While the news on the healthcare reform is filled with backslapping from one political party and hand wringing from the other, the truth for advisors and their clients is that this historic legislation might be as much an investment opportunity as anything else.
In a research note, J.P. Morgan Funds Chief Market Strategist David Kelly said that from the market’s standpoint, the passing of the healthcare reform bill in its current state is generally more positive than negative.
However, the money to pay for it has to come from somewhere, and that’s going to impact wealthier individuals when the new law goes into effect.
Beginning in 2013, people earning more than $250,000 annually will see Medicare taxes increase to 2.35% from 1.45%, and the same group will be hit by an additional 3.8% Medicare tax on investment income.
That’s not all. Kelly said the dividend and long-term capital gains tax is likely to rise from 15% to 20% next year for people earning more than $250,000, who, with the Medicare tax on investment income, will be saddled with a total 23.8% burden, reducing wealthy investors’ income stream by 10.4% compared to what they’re paying today.
Advisors have some time to reconfigure their clients’ accounts to adjust for this tax hike, though. As Peter McFarland, a Raymond James advisor at Central Bank & Trust in Lexington, Ky,, said, “Many clients have more capital losses than they’ll ever have in a lifetime. I have some clients carrying $200,000 forward in capital losses.”
Margaret Starner, an advisor at the Starner Group of Raymond James in Coral Gables, Fla., said the details surrounding taxation have yet to be thrashed out and may well change, but added that her clients expected tax hikes due to the deficit.
“Most clients are worried on a personal level, not the macro level,” she said. “They want to know if they’ll be negatively impacted more by an impairment to their healthcare than rising taxes, which everyone knew would go up. And no one’s surprised Obama decided to tax higher income people.”
In terms of investments, the healthcare sector might not be a bad bet. The bill expands coverage to 30 million new customers, but it doesn’t do much to rein in costs. “While there are many constraints preventing insurance companies from limiting coverage there are few which limit how much they can charge for it,” Kelly wrote.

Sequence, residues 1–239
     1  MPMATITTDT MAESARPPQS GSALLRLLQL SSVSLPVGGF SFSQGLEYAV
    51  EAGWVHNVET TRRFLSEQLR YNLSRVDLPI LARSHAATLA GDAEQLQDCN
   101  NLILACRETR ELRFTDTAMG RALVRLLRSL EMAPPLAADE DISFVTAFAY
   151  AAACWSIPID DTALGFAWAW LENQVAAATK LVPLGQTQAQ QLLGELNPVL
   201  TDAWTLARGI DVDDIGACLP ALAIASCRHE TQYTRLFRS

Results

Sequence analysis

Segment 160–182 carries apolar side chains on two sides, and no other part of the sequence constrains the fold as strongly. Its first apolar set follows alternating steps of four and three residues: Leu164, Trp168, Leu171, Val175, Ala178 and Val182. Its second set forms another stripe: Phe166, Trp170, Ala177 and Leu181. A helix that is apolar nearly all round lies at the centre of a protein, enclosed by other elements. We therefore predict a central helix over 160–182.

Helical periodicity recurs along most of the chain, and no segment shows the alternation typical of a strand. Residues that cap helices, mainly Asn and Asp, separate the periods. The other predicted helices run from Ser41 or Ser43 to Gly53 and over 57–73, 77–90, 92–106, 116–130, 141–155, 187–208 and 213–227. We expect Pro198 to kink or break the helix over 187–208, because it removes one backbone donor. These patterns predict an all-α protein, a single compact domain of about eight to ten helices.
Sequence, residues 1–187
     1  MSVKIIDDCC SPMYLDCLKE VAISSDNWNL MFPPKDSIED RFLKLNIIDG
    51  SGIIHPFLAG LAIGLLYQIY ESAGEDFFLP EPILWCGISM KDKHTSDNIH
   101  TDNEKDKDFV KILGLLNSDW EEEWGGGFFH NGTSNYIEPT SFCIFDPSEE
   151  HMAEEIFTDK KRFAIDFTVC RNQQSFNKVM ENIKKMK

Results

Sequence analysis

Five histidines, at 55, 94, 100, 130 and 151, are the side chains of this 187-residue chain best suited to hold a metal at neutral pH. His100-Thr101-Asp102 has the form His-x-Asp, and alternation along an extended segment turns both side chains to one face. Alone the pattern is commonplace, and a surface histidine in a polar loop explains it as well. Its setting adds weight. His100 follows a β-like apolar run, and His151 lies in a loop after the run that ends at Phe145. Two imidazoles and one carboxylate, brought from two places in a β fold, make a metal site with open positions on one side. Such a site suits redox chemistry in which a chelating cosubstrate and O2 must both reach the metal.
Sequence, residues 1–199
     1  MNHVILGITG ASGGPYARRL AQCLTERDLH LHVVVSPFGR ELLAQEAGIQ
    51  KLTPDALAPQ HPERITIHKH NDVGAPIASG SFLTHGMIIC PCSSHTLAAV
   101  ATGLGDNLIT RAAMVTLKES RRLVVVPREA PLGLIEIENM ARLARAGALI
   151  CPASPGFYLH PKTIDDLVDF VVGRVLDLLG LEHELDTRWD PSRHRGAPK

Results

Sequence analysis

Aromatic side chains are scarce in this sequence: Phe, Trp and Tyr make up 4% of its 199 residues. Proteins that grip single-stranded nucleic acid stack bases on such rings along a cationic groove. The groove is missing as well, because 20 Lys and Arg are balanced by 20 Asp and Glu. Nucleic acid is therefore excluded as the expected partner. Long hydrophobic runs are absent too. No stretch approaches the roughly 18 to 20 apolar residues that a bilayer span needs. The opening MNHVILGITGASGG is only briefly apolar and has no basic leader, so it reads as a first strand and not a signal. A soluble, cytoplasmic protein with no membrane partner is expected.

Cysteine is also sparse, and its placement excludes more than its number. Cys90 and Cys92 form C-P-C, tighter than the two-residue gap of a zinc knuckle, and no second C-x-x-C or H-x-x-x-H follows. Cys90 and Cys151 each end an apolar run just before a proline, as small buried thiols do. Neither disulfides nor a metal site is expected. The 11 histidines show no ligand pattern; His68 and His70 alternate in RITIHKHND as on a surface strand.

Pharmaceutical companies are also likely to enjoy a boost from having 30 million new prospects. While pharmaceutical companies will pay $107 billion in taxes between 2011 and 2019, the bill doesn’t cap prices for drugs, and these companies may well simply pass on the cost of doing business through the prices they charge their new customers.
“We’re looking at opportunities in United Healthcare and some of the pharmaceutical companies,” McFarland said. “Think of where stocks like Pfizer and Merck are now compared to where they were in 1998 and 1999.”
Starner said that she is also keeping a watchful eye on all the ancillary business that are likely to benefit from the transformation of the healthcare industry over the next decade.
“Companies that produce medical supplies will be in huge demand,” she said. “Consulting firms will also be huge beneficiaries of this transformation and there will be a huge expansion of employment throughout the healthcare sector that will benefit payroll companies.”
As for the health of the economy, Kelly isn’t too worried: “Despite dire predictions, it’s not clear that health care reform will really slow economic growth that much. Most of the tax provisions don’t kick in until 2013 and the mandates on businesses and individuals don’t take effectin a big way until 2016. Between now and then, the economy is quite capable of staging a full cyclical recovery,” he said.